Aid Improved for Sierra Nevada Amphibians


     WASHINGTON (CN) - Citing the effects of climate change, invasive species and disease, regulators listed three Sierra Nevada amphibians under the Endangered Species Act.
     The Center for Biological Diversity and the Pacific Rivers Council had originally petitioned the U.S. Fish and Wildlife Service to list the mountain yellow-legged frog and the Yosemite toad in 2000. Four years later, the two environmental groups legally challenged the agency's "warranted but precluded by higher listing priorities" determination.
     Though the court ruled for the agency, a 2006 appellate decision found that the agency's determination did not meet the requirements of the Endangered Species Act.
     Announcing the listing of the species late last month, the Center for Biological Diversity attributed the protections to a 2011 agreement "between the center and the service to speed up endangered species protection decisions for 757 imperiled animals and plants around the country."
     A recent change in taxonomic classification has resulted in a split within the mountain yellow-legged frog species complex to which the proposed listing regulation referred.
     The final regulation lists the Sierra Nevada yellow-legged frog and the northern distinct population segment of the mountain yellow-legged frog as endangered. The Yosemite toad is listed as threatened. The three amphibians are native to the higher elevations in California's Sierra Nevada range.
     Fish and Wildlife has estimated that the Sierra Nevada yellow-legs have declined by 70 percent, that the mountain yellow-legs have declined by over 80 percent, and that the Yosemite toad has declined by almost 50 percent.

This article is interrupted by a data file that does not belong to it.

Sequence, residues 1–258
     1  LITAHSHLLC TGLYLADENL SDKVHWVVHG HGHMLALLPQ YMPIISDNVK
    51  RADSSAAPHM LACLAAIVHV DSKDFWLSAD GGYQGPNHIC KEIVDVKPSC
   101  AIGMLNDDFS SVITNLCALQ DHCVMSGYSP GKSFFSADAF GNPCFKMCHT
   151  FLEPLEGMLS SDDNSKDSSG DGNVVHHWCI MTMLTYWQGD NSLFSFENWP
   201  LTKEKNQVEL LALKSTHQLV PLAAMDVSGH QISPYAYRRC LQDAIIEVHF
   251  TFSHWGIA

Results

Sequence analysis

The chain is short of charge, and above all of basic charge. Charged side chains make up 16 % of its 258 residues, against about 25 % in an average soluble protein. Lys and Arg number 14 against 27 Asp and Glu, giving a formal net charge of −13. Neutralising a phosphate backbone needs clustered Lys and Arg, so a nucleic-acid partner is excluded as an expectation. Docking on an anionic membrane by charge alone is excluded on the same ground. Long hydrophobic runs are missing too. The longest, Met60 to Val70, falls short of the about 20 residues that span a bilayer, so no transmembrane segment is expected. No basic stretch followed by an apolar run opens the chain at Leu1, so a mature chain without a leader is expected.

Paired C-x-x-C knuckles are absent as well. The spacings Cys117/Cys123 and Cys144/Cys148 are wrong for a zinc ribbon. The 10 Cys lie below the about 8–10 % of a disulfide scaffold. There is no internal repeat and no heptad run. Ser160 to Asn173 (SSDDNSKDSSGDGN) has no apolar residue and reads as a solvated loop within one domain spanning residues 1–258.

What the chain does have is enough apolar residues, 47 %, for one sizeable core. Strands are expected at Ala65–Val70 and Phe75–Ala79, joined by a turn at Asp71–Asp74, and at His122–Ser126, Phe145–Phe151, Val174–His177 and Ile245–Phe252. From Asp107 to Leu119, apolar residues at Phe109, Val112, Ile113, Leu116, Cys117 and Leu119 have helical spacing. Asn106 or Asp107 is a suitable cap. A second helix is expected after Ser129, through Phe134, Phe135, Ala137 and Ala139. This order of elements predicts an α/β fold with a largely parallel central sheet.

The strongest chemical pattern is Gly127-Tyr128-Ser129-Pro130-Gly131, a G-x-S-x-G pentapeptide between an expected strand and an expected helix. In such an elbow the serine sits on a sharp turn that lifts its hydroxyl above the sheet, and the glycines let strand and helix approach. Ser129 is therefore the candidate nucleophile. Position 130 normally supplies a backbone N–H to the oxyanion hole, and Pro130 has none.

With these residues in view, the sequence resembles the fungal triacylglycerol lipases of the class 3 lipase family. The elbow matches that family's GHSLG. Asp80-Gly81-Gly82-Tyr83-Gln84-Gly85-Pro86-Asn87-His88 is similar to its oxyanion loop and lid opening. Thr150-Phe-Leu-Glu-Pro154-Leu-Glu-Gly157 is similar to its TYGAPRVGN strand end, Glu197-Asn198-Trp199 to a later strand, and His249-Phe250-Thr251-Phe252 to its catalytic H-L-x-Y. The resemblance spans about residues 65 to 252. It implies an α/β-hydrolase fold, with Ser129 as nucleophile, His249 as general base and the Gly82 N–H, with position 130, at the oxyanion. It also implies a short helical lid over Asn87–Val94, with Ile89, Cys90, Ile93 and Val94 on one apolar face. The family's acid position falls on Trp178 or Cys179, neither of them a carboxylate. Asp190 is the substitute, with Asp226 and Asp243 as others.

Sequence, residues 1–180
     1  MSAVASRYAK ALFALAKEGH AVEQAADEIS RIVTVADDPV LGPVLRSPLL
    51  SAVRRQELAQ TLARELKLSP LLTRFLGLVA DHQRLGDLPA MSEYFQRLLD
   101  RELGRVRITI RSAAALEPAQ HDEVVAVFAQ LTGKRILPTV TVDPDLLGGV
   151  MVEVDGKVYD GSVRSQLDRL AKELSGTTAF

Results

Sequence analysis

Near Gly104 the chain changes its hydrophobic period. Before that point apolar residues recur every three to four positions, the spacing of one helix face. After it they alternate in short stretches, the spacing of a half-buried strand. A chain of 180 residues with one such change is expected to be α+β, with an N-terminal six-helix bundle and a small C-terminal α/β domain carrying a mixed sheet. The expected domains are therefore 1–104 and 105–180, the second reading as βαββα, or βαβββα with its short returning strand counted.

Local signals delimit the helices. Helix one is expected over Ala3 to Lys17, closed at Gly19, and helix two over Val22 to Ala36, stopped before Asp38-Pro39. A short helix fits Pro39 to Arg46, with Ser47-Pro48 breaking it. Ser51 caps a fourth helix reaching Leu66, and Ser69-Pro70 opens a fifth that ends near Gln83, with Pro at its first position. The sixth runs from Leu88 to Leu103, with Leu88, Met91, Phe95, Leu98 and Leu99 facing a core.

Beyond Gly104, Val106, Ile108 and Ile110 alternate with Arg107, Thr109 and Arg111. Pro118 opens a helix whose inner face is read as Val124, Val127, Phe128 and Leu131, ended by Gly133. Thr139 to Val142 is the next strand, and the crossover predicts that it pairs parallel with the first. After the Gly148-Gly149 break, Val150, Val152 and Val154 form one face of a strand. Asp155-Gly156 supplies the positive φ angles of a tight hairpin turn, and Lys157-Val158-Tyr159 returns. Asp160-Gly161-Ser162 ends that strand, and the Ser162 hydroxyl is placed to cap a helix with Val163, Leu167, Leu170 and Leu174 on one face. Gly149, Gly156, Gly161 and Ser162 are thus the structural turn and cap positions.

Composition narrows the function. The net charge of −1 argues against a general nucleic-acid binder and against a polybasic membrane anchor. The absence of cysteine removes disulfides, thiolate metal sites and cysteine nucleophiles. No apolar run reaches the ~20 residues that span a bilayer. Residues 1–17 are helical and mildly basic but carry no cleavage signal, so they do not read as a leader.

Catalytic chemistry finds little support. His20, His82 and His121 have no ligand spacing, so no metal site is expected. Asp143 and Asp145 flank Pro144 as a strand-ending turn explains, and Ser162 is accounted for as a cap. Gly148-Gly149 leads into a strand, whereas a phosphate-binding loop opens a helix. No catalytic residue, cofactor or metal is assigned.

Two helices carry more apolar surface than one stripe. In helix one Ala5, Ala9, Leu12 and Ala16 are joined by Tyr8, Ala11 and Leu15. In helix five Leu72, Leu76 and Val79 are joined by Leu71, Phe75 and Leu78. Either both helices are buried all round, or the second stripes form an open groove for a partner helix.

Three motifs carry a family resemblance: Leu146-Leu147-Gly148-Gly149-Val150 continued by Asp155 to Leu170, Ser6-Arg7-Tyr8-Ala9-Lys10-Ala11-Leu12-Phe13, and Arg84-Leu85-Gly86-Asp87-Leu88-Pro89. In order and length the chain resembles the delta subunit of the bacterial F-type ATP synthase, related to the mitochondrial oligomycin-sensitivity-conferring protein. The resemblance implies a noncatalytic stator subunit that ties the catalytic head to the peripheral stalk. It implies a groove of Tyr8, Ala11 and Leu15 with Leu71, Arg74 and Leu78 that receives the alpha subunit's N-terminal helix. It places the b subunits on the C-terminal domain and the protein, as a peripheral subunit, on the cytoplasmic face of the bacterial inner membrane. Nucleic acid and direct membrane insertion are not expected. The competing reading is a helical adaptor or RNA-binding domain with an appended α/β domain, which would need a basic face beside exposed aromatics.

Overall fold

The frogs are threatened by the introduction of non-native trout into areas that were historically fishless or areas historically populated by smaller fish. One survey noted that the frogs were "five times less likely to be detected in waters where trout were present," according to the action.
     Another major threat is a fungus that has attacked amphibian populations worldwide, causing massive die-offs and even extinctions, the regulation states.
     These threats, along with habitat fragmentation caused by dams, grazing, roads, recreation and timber harvests, have weakened the frog populations and increased their vulnerability to the effects of climate change.
     Since Yosemite toads breed in shallow meadow pools, introduced predatory fish have not so challenged them. They face similar habitat fragmentation threats as the frogs, and they may be even more vulnerable to climate changes that affect snowfall and snowmelt patterns because their pools are not year-round water sources. Changes in soil-moisture levels contribute to the encroachment of trees into the meadow habitats, the action notes.
     Drought has caused some toads to switch breeding activities to small streams because of a decrease in the number of meadow pools, which has resulted in their exposure to predatory fish. The same fungus that affects the frogs also affects the toads.
     Fish and Wildlife said the critical habitat determination for the amphibians "is expected to be made early next year." Last year's proposal for critical habitat totaled more than 1.8 million acres.
     "Once abundant, all three species have been in decline for several decades and are now found primarily on publicly managed lands at high elevations including streams, lakes, ponds, and meadow habitats located within national forests and national parks," the agency said in a statement.
     The listings are effective June 30.